Passwater: I’m aware there has been some recent cardiovascular research about Pycnogenol since we last talked. Can you highlight some of the latest research on this topic?
Schönlau: In general, cardiovascular health and vascular function represent the core health benefit of Pycnogenol. After 40 years of continuous research, there is no doubt that Pycnogenol significantly contributes to a healthier circulation, blood pressure and cholesterol levels. Initially, we focused much of our research on the large arteries and veins. More recently, we began to focus in more detail on how exactly Pycnogenol supports the cardiovascular system. Moreover, we discovered that Pycnogenol extends its vascular benefits from large blood vessels to smaller blood capillaries. A great many ailments are related to insufficient blood microcirculation through the tiniest blood vessels.
Research in Japan carried out with healthy students as volunteers has demonstrated that Pycnogenol allows constricted arteries to relax better (9). With Pycnogenol, blood vessels are better able to “give way” when a pressure build-up occurs, by expanding the vessel diameter. It is interesting to note that this benefit also occurs in healthy people as this may, for example, allow better blood supply to muscles such as during sports.
Horphag Research has carried out the largest and longest placebo-controlled study to date with a pine bark extract for improving blood pressure (10). This study with 200 peri-menopausal women found that Pycnogenol during a six-month intake significantly lowered an already healthy blood pressure as compared with the group given an inactive placebo. Such studies are currently gaining increased importance as nutritional supplements shall be positioned for maintaining health rather than treating existing ailments. Such preventative studies are dramatically more demanding in terms of participating volunteers, time, personnel and most of all research budget. To date, there are few companies with the necessary commitment to disease prevention, which, to my opinion, will represent the future of nutritional supplements.
There is an exciting study to be published in 2011 that reveals Pycnogenol significantly improves vasodilatation. The study group consisted of people taking various medications for cardiovascular conditions, and all had a heart attack in the past. This randomized, double-blind, placebo-controlled, cross-over study conducted at the prestigious University Clinic of Zurich, Switzerland shows that Pycnogenol helps blood vessels regain the ability to relax and increases artery diameter to allow for smoother blood flow. It is fascinating to learn that Pycnogenol can contribute to healthier blood vessel function in a fashion that a plethora of other medications these people took could not.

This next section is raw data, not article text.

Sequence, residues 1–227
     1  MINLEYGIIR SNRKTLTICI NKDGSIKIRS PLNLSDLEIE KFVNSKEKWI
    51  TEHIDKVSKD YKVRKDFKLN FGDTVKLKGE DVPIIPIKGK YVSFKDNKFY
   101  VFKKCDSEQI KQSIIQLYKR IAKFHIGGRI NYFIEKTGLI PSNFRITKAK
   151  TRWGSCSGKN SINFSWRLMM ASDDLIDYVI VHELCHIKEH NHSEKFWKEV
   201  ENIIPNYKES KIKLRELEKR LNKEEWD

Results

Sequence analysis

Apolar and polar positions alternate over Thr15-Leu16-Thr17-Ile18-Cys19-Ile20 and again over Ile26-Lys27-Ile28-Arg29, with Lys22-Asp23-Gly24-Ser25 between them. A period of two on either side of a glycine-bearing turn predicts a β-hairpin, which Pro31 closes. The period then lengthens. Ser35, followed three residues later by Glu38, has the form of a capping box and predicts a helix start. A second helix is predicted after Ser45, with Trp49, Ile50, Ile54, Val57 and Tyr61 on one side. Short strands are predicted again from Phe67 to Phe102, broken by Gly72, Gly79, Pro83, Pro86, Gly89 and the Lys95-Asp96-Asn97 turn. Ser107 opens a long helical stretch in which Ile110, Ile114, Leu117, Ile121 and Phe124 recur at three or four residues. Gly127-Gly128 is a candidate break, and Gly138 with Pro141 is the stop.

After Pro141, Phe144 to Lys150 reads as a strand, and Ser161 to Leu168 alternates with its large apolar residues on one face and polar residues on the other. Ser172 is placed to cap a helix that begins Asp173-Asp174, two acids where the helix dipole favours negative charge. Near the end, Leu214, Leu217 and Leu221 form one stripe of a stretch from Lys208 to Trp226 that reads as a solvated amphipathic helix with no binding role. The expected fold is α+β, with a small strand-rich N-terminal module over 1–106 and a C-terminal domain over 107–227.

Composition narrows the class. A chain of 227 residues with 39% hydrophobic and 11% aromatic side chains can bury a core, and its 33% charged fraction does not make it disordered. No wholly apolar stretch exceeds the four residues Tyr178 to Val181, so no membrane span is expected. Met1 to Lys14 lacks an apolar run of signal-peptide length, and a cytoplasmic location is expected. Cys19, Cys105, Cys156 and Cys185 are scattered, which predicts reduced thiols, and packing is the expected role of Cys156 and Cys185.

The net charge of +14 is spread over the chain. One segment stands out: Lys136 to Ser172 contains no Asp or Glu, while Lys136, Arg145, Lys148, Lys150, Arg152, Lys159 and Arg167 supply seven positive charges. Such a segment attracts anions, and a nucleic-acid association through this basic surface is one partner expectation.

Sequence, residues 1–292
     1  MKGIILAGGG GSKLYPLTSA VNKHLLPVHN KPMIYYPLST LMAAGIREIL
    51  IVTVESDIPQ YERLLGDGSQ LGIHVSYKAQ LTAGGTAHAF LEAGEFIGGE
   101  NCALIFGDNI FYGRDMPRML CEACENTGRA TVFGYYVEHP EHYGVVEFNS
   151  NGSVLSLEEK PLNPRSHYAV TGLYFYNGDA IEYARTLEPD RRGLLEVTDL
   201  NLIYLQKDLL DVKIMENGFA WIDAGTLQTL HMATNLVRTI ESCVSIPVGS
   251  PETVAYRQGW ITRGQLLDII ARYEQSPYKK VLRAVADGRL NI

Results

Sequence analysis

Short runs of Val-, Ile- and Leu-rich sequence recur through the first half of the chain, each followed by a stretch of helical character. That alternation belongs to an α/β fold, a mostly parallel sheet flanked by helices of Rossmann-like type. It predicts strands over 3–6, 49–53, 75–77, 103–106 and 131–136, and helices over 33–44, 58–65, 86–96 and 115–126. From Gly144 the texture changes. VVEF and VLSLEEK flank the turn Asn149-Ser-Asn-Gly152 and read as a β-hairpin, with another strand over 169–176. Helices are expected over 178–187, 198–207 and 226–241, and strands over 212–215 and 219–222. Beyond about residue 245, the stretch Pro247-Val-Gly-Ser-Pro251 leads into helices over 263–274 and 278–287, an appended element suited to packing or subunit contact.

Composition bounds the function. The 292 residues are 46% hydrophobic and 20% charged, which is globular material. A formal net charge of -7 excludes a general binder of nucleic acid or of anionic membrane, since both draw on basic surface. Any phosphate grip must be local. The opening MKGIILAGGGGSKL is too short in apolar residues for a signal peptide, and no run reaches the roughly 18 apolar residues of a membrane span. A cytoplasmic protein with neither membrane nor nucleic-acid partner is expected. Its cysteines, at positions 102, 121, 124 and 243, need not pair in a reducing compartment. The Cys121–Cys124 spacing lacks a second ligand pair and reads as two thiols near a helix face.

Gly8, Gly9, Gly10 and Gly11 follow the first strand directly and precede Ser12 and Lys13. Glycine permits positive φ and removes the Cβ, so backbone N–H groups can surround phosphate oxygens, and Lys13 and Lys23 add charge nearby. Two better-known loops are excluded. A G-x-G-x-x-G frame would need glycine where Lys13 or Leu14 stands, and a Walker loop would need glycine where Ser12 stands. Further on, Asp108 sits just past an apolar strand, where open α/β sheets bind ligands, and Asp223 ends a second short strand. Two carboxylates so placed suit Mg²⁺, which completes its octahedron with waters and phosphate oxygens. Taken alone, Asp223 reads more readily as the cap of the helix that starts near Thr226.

Passwater: Please explain the blood microcirculation studies you mentioned. I believe this is a new area of research on Pycnogenol.
Schönlau: When blood pressure steadily increases and cholesterol deposits build up, all blood vessels in the body are affected. By their nature, the smallest blood vessels are the most fragile and more rapidly harmed to an extent at which they cannot fulfill their task.
As an example, the tiny capillaries supporting the retina in the eye with blood may begin to break and to leak blood, causing gradual vision loss. Just recently, a study showed that Pycnogenol can restore healthy blood flow in the eyes and even restore vision (11).
Another example is the capillaries in the kidney, which suffer quickly from elevated blood pressure. They get damaged to a point that they can no longer filter the waste from the blood and other constituents like proteins are spilled into the urine. Two clinical studies have shown that Pycnogenol dramatically improves kidney function in hypertensive people as well as people with metabolic syndrome (12, 13).
Especially for people with diabetes, the problem of badly healing wounds (ulcers) represents a serious threat. Here again, the tiny capillaries are damaged to a point that the perfusion of the skin with blood, delivering oxygen and nutrients, is insufficient for supporting the healing process. A clinical trial has demonstrated faster blood microcirculation in the skin of diabetics and their wounds healed much faster (14).